Democratic San Diego Mayoral Candidate, Rep. Bob Filner, announced this week to a local newspaper that if elected he would offer Nathan Fletcher, an independent, as well as Donna Frye, positions within his administration. Interestingly enough, Filner just ran against Fletcher in the open primary in June. The admission adds another layer of intrigue to an already dynamic San Diego mayoral race.
San Diego has the one of the largest proportion of independent voters in California. As such, political candidates must appeal to a diverse group of voters and not just their political parties for the upcoming general election. In an era where party affiliation and partisanship trumps effective legislation, San Diegan candidates are crossing party lines, and making headlines for it, before the general election. Whether candidates are embracing bipartisanship for the San Diego mayoral race to ensure a more effective city government, or simply strategizing to get independents’ votes, is up for interpretation.
Rep. Bob Filner is a registered Democrat currently seated as congressman of California’s 51st District. In California’s first-ever open-primaries, Rep. Bob Filner (D) competed against City Councilman Carl DeMaio (R), Nathan Fletcher (NPP), and Bonnie Dumanis (R). Filner and DeMaio advanced to November's general election.
Although in the end, it was the two status quo party candidates that came out on top, Nathan Fletcher made waves by disaffiliating from the GOP just a few months prior to the open-primary. He came in third, trailing behind Bob Filner. Since losing in the primary, Fletcher’s political insight has not gone unnoticed or maybe his newly declared independence is seen as a key piece to winning the mayoral election?
Regardless, on Monday, Rep. Bob Filner announced that if elected as San Diego’s next mayor, he would offer a high-profile civic-project position in his administration to independent Assemblyman Nathan Fletcher, according to the U-T San Diego.
Filner told the U-T, “he became friends with Fletcher on the campaign trail where he often joked about offering various jobs to Fletcher after hearing his answers to debate questions.”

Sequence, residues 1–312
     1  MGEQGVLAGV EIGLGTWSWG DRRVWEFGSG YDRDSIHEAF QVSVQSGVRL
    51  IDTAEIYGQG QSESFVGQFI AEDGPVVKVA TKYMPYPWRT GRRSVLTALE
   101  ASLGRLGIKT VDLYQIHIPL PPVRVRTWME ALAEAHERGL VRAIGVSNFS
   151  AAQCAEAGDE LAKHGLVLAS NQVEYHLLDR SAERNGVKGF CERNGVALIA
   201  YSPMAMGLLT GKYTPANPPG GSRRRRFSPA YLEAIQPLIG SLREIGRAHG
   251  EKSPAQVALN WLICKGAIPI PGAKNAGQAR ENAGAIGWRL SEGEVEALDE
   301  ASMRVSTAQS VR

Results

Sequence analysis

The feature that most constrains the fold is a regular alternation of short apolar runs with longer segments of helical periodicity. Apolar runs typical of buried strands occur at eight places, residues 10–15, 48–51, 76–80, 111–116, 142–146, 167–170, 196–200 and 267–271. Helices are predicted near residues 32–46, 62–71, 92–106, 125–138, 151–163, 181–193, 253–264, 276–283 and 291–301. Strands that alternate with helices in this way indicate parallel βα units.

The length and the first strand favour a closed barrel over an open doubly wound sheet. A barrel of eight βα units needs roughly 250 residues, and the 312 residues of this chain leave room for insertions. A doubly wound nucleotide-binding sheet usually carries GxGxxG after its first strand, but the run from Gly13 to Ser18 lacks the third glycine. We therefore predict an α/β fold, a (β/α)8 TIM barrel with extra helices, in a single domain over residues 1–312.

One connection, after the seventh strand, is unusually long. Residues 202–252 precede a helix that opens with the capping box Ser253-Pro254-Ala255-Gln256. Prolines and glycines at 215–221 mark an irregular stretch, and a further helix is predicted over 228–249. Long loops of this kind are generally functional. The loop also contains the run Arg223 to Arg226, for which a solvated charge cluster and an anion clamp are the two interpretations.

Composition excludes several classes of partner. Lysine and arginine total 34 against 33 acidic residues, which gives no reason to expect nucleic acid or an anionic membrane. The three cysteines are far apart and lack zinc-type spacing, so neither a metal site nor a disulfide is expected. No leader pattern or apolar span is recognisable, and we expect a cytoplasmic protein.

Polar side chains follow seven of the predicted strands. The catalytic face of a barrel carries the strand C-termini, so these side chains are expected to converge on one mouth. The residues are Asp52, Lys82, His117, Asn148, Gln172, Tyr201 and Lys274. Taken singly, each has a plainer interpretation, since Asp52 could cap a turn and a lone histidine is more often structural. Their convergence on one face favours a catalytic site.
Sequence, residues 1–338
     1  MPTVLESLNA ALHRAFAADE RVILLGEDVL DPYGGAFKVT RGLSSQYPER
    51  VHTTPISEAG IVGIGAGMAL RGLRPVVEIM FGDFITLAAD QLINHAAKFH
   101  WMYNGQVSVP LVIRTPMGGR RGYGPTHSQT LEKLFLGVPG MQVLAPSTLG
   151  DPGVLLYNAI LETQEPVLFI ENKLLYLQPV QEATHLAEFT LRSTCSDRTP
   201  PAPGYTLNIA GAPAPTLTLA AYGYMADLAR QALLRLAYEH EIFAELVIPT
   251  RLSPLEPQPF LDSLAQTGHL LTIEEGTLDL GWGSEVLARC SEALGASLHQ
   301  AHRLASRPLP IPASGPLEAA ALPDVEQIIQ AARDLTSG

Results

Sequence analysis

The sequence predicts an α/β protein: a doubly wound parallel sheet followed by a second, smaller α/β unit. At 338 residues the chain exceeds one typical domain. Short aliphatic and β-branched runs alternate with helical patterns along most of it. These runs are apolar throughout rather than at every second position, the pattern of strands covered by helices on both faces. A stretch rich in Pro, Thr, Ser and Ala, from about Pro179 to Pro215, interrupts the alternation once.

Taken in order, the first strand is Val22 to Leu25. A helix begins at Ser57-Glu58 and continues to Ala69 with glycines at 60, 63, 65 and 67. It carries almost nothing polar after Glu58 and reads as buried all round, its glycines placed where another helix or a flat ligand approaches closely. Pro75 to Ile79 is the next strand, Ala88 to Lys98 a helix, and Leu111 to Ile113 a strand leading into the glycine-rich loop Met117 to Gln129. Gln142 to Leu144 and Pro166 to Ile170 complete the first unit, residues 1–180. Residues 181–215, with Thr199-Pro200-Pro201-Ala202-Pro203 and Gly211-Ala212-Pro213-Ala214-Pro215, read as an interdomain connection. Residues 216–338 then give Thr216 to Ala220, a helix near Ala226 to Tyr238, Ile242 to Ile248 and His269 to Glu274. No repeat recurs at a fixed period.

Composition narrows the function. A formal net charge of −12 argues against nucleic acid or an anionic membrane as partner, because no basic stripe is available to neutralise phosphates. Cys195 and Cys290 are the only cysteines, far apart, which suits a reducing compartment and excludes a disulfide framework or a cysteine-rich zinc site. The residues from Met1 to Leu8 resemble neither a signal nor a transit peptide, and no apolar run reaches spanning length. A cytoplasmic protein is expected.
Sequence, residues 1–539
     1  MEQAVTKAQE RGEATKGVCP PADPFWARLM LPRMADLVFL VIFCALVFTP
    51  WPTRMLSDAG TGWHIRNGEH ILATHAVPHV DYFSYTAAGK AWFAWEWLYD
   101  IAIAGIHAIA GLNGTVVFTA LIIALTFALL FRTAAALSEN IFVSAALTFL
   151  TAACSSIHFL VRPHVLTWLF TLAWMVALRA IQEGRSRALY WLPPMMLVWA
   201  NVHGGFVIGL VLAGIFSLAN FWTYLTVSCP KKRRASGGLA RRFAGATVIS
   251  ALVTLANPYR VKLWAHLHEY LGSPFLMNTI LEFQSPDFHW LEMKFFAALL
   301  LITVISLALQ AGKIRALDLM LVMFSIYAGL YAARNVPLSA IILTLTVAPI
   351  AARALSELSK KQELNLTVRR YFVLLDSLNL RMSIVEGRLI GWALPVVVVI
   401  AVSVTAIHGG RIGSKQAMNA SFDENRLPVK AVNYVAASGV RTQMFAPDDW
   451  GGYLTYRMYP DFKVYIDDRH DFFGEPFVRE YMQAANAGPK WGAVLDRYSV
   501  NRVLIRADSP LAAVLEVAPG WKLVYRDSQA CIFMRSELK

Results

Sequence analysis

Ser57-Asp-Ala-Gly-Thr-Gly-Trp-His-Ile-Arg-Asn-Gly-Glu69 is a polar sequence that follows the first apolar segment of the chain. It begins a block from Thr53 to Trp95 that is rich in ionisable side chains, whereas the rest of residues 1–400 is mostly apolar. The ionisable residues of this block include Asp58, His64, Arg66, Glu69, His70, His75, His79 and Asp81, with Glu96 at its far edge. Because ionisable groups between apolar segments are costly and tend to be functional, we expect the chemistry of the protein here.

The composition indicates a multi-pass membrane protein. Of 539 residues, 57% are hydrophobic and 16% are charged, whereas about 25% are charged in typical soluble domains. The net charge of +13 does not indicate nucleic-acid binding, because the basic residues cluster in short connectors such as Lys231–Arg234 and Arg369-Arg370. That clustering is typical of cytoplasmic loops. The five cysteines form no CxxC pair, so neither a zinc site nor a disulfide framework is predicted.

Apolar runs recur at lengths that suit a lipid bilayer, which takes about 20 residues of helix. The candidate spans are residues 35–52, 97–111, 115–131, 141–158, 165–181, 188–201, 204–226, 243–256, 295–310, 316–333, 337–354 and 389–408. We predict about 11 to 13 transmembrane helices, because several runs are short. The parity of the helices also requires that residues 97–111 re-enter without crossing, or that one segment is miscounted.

“I became very impressed, as you were, with (Fletcher’s) creativity, with his articulateness, with the vision that he had for the city, especially in terms of the economic development issues that we’ve been talking about,” Filner told the U-T. “And as mayor I’m going to create a position that’s concentrated on these big projects ... Nathan Fletcher is my first choice for such a position. I think he would have the trust of all the community in dealing with that. As you said, he has the intelligence and creativity to do that.”
Filner’s expressed excitement about Fletcher indicates he is more than willing to look outside his Democratic Party in creating his mayoral administration if elected come November.
Nathan Fletcher is set to leave his California Assembly seat in December, which happens to be around the same time the next San Diegan mayor will be sworn in. Fletcher told the U-T, “he was open to the idea without naming Filner directly.”
“I care deeply about the future of San Diego and believe it is vital the next mayor bring coalitions together to get things done,” Fletcher said in his statement to the U-T. “The mayor is the leader of our city and if asked to do something to help the community, I would have to seriously consider it.”
However, Rep. Bob Filner is not the only one trying to intensify his competitive edge. Councilman Carl DeMaio recently announced Art Castañares, “the former chair of the local Democratic Party, was joining his campaign as a strategist.”
Both candidates are making moves to appeal to more moderate voters and define themselves as political candidates outside their stereotypical party labels. But the question remains, are these campaign decisions in place to get them elected? Or are their attempts to create moderate administrations genuine and for the good of San Diego?
Nathan Fletcher, a retired military serviceman, was elected Assemblyman representing the 75th district as a Republican in 2008. He was reelected again in 2010 as a Republican as well. His long-time Republican-party affiliation was severed when he changed his party affiliation to No Party Preference in March, just a few months shy of the open primary. His decision to do so, incited speculation as well as support. Critics wondered if he changed his party affiliation to differentiate himself in the open primary because he was running against three other similarly well-established Republicans. Or was his switch sincere? And if it was, did he believe switching to an independent was most suitable for San Diego’s needs?
Assemblyman Fletcher is still young and relatively new to the political game. Rep. Bob Filner’s attempts to diversify his administration if he wins, may suggest alternative motives. By including Nathan Fletcher, Rep. Bob Filner may appear to break down partisan walls while curbing Fletcher’s political future: Keep friends close, but keep enemies closer.
For now, Nathan Fletcher’s political future remains unknown. If he continues to affiliate as an independent, he may find independent voters on his side in ever-increasingly moderate San Diego, as well as the potential political success this brings in the future.
With an increase in more independent-minded and moderate voters, politicians must do what they can to garnish these voters support. Only time will tell if politicians will change their way of thinking to remain relevant to society’s political changes or if they will merely change their parties to continue serving special interests while in office.